[Decapod] RESTful API

Boyan Sheytanov boyan.sheytanov at asteasolutions.com
Tue Jan 26 14:21:27 UTC 2010


Hi Colin et al!

As I finished the client-side UI for the Fix image functionality (FLUID-3478
now resolved), I moved on to the server-side. Before writing a script for
fixing images, I thought it would be good to devise the URI API so that we
can finalize it and document it (would be useful to Thomas' team as well).
Having spent some time thinking over, reading and recalling RESTful
concepts, I am now at a fork in the road to RESTfulness.

The left path is kind of tricky - it doesn't make the application RESTful,
only makes the URLs more resource oriented (i.e. we will have DELETE
http://www.myDecapodServer.com/images/13 instead of GET
http://www.myDecapodServer.com/delete?fileIndex=13). The right road leads us
to internal peace by moving the model from the Capture component to the
server and keeping only the currently selected image in the client, thus
conforming to all REST constraints. I'm inclined to take the right turn so
here's a detailed description of where it leads:

The model is kept server-side (model = an array of items, each item having a
path to the full-sized, thumbnail, and dewarped images). Each item in the
model is the representation (in REST terms) of a resource. Each resource can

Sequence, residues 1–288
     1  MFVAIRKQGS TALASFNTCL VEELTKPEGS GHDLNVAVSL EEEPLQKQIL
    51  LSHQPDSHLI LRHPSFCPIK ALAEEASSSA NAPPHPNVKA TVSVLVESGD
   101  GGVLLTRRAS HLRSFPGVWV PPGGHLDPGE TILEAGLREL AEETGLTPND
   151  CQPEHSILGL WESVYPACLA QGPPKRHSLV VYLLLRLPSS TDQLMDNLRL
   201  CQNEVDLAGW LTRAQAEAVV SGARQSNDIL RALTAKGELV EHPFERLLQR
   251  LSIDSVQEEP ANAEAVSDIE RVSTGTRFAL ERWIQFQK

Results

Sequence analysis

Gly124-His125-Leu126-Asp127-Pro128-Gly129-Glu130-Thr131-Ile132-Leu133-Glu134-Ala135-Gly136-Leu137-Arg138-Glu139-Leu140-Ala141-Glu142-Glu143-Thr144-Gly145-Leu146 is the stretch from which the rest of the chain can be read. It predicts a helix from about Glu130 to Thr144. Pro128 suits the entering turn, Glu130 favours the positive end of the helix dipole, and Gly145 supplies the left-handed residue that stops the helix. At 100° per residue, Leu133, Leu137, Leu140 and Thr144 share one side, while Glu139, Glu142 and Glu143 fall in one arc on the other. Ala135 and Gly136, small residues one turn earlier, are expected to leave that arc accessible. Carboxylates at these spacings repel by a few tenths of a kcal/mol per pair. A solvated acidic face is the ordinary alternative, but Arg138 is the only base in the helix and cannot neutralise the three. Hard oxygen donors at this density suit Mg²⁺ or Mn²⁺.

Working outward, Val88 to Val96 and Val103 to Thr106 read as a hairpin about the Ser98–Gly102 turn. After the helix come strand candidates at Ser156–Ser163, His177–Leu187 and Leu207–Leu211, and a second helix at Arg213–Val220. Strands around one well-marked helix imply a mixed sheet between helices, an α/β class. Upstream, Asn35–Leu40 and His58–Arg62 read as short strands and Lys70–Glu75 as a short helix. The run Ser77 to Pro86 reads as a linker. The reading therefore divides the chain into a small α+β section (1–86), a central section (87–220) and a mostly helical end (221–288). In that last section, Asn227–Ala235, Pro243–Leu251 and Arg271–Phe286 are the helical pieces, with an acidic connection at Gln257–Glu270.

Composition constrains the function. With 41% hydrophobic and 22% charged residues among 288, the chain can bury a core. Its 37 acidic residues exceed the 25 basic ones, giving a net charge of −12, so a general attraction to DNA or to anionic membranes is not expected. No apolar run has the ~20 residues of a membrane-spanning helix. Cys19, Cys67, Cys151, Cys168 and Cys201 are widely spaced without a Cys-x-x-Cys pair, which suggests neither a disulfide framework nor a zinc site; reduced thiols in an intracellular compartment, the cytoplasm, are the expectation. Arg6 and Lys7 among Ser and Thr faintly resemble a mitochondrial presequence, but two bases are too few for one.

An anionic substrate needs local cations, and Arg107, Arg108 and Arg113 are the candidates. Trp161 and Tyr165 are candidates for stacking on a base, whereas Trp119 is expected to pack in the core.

be accessed by a unique ID (the index it has in the model). The only state
kept in the client is the index of the currently selected image. Then, we
can have the following API (all of the URIs are prefixed by the server
name):

POST /images/ - takes a new picture, generates a thumbnail, saves both to
the file system, returns an id (index in the model).
PUT /images/ - generates PDF, returns path to it.
GET /images/3 - returns the representation of an image. That is an object
with fullImage, thumbImage and fixedImage properties.
DELETE /images/3 - deletes the image at the specified index in the model.
POST /images/3 - recaptures an image, returns new representation.
PUT /images/3 - fixes image, returns new representation.

Pros - using only standard HTTP methods, all paths represent resources. Cons
- actions not intuitively mapped to methods (this is not standard CRUD as in
many RESTful applications), not easily extensible if a lot more actions come
up in the future.

Thought of something like POST /images/0/fix, etc, but didn't like it
because paths do not always represent a resource. Might reconsider it
though.

Does any of the above make sense? I'd appreciate your answers (or questions
- I feel I didn't express my ideas well enough).

Greetings,

Boyan
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